High traffic areas, or kitchens/bathrooms are also usually painted semi-gloss although there are special paints with mildew suppressants that are used for these moist areas of the house. Unless you have very special circumstances, special paint is just a money racket in my opinion…
Brushes and preparing to work
Brushes: Don’t cheap out on brushes and rollers and keep them clean. Good brushes are not inexpensive but will last a long time if you clean them properly.
A “sash” brush will be your best friend. It’s the one that is angled. It makes cutting in so much easier (see painting tape, below).
Wet brushes and rollers/roller pans can be stored “wet” by placing in grocery bags (for the brushes) and garbage bags (roller and roller pan). But this should only be done for a couple days – not a week. Any longer and your tools need to be washed and stored.
A trick I learned from an old “ex” was to condition the brushes with a little dish soap after they were washed out. Just a few drops of detergent and a final wash will keep your brushes in good shape.
|Drawers, mouldings, spindles, etc will slow down |
Drop cloths: You can purchase drop cloths, or better yet, use old sheets. Everyone has old sheets. I’ve been using the same sheet as a drop cloth for years and years.
If you don’t use some sort of covering for your floors and anything else you’ve left in the room expect it to be splattered with paint. Even the most careful of us make mistakes.
Ceilings are the worst. It’s almost impossible to not have small drips come down from roller or brush onto whatever is below. Make sure it’s a drop cloth, and not your favorite chair…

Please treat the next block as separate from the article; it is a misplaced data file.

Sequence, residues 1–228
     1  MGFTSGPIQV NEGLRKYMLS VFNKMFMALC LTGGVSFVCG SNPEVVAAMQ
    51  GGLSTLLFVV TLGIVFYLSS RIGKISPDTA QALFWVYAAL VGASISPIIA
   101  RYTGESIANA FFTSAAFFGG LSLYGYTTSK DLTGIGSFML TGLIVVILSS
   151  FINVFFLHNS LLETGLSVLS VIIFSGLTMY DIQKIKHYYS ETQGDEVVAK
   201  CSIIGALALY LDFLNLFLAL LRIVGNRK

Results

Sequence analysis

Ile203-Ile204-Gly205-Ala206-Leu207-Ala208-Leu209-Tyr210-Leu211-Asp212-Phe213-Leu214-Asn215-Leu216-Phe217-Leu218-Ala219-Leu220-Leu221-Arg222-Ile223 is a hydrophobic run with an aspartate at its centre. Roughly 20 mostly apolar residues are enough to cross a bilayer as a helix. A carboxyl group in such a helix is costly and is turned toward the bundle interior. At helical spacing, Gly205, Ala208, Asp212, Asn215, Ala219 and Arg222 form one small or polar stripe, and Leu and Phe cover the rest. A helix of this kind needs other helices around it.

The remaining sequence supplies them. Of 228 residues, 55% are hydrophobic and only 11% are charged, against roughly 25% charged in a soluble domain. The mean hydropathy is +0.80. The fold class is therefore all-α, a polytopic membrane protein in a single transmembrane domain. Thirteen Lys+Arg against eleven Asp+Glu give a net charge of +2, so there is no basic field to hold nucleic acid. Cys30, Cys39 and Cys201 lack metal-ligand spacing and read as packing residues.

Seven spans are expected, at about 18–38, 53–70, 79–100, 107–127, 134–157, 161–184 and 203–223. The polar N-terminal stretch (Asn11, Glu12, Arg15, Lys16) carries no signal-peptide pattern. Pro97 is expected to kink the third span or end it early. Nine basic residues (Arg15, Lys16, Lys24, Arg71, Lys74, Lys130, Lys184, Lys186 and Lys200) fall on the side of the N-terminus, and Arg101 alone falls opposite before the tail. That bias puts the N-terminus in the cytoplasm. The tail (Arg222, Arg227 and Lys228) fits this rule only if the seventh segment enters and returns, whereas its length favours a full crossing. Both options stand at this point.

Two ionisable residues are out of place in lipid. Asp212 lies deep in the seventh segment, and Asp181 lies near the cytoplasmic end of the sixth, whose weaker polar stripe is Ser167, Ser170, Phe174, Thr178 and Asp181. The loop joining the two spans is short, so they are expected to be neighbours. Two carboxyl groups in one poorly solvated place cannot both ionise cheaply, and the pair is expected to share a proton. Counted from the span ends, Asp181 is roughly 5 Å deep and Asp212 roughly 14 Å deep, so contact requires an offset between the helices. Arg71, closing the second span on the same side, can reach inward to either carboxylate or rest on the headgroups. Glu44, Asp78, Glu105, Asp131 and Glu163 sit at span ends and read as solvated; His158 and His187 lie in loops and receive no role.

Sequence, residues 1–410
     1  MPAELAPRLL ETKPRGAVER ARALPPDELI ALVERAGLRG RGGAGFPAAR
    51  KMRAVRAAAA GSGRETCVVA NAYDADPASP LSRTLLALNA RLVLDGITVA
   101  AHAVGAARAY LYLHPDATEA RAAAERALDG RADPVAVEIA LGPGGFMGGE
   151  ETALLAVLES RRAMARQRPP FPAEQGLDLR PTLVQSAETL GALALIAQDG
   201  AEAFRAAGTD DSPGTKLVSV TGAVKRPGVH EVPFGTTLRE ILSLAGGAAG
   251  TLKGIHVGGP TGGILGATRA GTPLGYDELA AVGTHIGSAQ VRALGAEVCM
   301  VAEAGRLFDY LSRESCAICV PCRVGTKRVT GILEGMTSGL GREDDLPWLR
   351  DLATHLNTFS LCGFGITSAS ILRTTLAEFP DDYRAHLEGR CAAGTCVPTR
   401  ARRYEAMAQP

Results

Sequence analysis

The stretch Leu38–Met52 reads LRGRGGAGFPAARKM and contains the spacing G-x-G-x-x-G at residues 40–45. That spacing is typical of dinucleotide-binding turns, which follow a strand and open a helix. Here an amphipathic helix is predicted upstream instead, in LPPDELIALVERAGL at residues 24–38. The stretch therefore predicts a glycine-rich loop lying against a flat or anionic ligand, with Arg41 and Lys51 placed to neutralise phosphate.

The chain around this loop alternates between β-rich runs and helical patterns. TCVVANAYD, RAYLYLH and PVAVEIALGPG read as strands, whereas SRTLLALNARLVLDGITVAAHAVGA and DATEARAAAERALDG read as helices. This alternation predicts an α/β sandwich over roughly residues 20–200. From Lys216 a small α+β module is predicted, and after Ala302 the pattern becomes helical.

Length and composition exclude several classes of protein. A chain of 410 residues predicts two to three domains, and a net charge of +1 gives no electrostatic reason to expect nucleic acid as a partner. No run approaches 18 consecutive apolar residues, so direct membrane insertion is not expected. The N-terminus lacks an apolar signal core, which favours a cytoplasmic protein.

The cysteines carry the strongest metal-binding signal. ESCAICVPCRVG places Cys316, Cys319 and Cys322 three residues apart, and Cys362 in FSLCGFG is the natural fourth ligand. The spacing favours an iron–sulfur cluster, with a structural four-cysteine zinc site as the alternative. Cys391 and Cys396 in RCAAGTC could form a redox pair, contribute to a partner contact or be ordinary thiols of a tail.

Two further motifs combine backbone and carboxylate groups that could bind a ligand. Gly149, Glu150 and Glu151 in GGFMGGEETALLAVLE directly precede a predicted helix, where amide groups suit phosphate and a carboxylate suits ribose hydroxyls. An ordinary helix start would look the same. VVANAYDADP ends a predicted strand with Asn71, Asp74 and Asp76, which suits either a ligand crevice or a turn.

Painting tape: I believe, for the most part, painting tape is nothing but a big money racket. People painted for, shall I guess, millennia without painting tape, but now it seems you aren’t doing a good job unless you tape everything up before you work.
Balderdash. This is where the angled sash brush comes in. They are an excellent choice for doing what is called “cutting in.” That’s when you carefully paint up to the junction of two colours or two paint surfaces, like your wall and ceiling. From there the main surface of the wall is usually rolled on.
An angled brush gives you great control in tight or “fiddly” areas. Even if you have to go a little slower it still saves you the time of putting up all that tape, and touching up any resultant marks from the tape adhesive.
I inadvertently left some painting tape up for too long around window glass and the adhesive is now all over the panes. To get it off I’ll probably have to use something harsh enough that it marks the painted window frame that I wanted protected in the first place…
The big lie: Latex over Oil
Contrary to popular belief, you can paint over oil/alkyd paint with latex paint. You just have to prepare the surface first.
Make sure your surface is clean and painted with a high adhesive primer. Then just paint with latex.
To test to see if your current paint is oil or latex use some gas line antifreeze (methyl hydrate) or non-acetone nail polish remover, and a Q-tip. Rub a small part of the wall with the wetted Q-tip.
If the paint comes off it’s latex. If nothing happens it’s oil.
Hours and hours of work? No.
There is no reason on earth that the ordinary person, or couple, can't paint a room or two, or three exceedingly quickly and easily. It saves money (no painting contractor) if you have the time.
As far as time goes, one person should be able to paint the walls on a 12'x12' room in the morning, do another coat in the evening and move everything back into position the next day. Usually two coats of good paint will cover most existing colours. So that's 24 hours to change your room.
If you're doing the trim add a little more time for two coats on that. And factor in any wall preparation (fixing holes) you may have to do.
Give it a try. It's a great way to change how you feel about a room.